Americans already have many misconception about Israel and aid. A 2013 poll by Kaiser Family Foundation found that Americans believe 28 percent of the federal budget is designated for foreign aid—more than Social Security, Medicare, Medicaid or national defense. In reality, of course, it’s around 1 percent. The United States spends approximately $37.6 billion all told, which encompasses not only military and counterterrorism, but humanitarian and economic assistance, as well. Whether this money is dispensed in a productive way, or whether we should be dispensing it at all, is a good debate. I tend to lean towards the latter. But Paul’s intent to cut all Foreign Military Financing was a philosophical position that was without enmity towards Israel. Intent matters.

As far as Israel goes, the United States doesn’t just transfer $3 billion check into the Likud party account. Only about quarter of U.S. aid is spent on military procurement and the rest is spent buying products in American markets. Unlike most aid it isn’t being flushed through corrupt regimes, statist economies and, quite often, outright enemies. None of that changes the fact that Israel is largest recipient of American aid. And it doesn’t change the fact that Israel is beneficiary of the economic boost. The question is does Israel need it?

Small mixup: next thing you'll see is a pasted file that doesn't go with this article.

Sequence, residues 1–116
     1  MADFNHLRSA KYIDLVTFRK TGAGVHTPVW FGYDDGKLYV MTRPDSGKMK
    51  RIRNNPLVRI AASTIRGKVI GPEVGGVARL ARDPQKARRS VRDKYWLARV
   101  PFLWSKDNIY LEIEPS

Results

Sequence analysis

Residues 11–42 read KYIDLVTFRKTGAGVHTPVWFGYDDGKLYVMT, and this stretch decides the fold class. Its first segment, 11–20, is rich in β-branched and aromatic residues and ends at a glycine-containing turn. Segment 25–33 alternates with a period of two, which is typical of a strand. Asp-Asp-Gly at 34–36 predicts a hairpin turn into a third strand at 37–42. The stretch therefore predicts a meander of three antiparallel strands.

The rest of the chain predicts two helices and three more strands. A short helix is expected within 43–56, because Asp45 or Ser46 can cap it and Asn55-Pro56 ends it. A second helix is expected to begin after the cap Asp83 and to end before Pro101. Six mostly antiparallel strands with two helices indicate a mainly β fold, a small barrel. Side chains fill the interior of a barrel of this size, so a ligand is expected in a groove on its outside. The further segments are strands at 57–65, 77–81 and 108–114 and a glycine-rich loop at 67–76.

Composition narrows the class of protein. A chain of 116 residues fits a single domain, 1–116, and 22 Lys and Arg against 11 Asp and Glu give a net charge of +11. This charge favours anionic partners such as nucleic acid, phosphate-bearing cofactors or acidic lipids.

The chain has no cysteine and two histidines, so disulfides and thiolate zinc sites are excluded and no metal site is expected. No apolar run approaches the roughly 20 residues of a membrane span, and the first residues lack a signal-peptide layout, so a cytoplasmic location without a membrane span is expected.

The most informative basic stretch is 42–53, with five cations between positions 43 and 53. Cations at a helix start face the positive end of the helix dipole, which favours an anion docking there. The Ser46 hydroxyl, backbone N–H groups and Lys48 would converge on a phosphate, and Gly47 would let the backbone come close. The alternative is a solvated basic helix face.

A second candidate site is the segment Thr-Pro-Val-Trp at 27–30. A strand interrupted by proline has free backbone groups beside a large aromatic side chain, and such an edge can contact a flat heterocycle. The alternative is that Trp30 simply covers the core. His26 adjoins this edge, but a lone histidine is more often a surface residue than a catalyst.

Israel’s gross domestic product is $291.3 billion—doubling in the last 15 years or so. Our trade with Israel amounts to somewhere around $45 billion. The per-capita GDP is $35,658. Broadening trade opportunities rather than offering and taking assistance would likely serve both nations far more than what amounts to a small stimulus. With high levels of innovation, its natural gas deposits, new trade arrangements with China, India, and Europe, Israel is in a position to gradually stop accepting relief without great economic pain.